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Abstract. Let (Gn) ∞ n=1 be a sequence of finite graphs, and let Yt be the length of a looperased random walk on Gn after t steps. We show that for a large family of sequences of finite graphs, which includes the case in which Gn is the ddimensional torus of sizelength n for d≥4, the process (Yt) ∞ t=0, suitably normalized, converges to the Rayleigh process introduced by Evans, Pitman, and Winter. Our proof relies heavily on ideas of Peres and Revelle, who used looperased random walks to show that the uniform spanning tree on large finite graphs converges to the Brownian continuum random tree of Aldous. 1.
The Uniform Spanning Tree and related models
, 2009
"... The following type of question is characteristic of discrete probability: given a large finite set of objects, defined by some combinatorial property, what does a typical element ”look like”, that is, can we describe some of its statistical features. Simple as it is to state such questions, they can ..."
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The following type of question is characteristic of discrete probability: given a large finite set of objects, defined by some combinatorial property, what does a typical element ”look like”, that is, can we describe some of its statistical features. Simple as it is to state such questions, they can lead to surprisingly
1.1 Algebraic complexity
"... My main area of research is theoretical computer science, with a focus on algebraic complexity theory. I am also interested in other fields of mathematics, such as probability theory and combinatorics. ..."
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My main area of research is theoretical computer science, with a focus on algebraic complexity theory. I am also interested in other fields of mathematics, such as probability theory and combinatorics.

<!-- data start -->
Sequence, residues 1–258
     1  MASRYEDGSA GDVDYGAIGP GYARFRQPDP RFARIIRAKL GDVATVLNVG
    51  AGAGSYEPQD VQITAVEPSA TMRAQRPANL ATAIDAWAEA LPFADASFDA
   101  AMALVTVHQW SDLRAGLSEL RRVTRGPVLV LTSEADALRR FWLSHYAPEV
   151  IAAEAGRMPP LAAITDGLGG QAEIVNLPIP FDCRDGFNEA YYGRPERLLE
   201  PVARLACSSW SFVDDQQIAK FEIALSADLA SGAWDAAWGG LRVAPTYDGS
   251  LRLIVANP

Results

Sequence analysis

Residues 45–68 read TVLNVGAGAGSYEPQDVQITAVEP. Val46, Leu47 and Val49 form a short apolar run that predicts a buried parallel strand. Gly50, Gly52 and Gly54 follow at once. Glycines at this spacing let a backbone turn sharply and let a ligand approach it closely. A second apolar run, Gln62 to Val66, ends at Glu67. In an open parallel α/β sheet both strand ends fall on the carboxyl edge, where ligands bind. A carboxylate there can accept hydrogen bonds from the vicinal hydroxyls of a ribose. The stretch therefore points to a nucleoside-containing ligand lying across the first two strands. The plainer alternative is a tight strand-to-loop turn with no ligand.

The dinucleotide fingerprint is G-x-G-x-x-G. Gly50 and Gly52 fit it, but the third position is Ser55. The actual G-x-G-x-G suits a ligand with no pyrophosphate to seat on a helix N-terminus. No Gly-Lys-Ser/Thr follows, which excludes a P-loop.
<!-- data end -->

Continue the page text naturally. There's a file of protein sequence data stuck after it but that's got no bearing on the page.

2.1 Encompassing a Point............................ 10
, 809
"... Lawler, Schramm and Werner showed that the scaling limit of the looperased random walk on Z 2 is SLE2. We consider scaling limits of the looperasure of random walks on other planar graphs (graphs embedded into C so that edges do not cross one another). We show that if the scaling limit of the rand ..."
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Lawler, Schramm and Werner showed that the scaling limit of the looperased random walk on Z 2 is SLE2. We consider scaling limits of the looperasure of random walks on other planar graphs (graphs embedded into C so that edges do not cross one another). We show that if the scaling limit of the random walk is planar Brownian motion, then the scaling limit of its looperasure is SLE2. Our main contribution is showing that for such graphs, the discrete Poisson kernel can be approximated by the continuous one. One example is the infinite component of supercritical percolation on Z 2. Berger and Biskup showed that the scaling limit of the random walk on this graph is planar Brownian motion. Our results imply that the scaling limit of the looperased
unknown title
, 803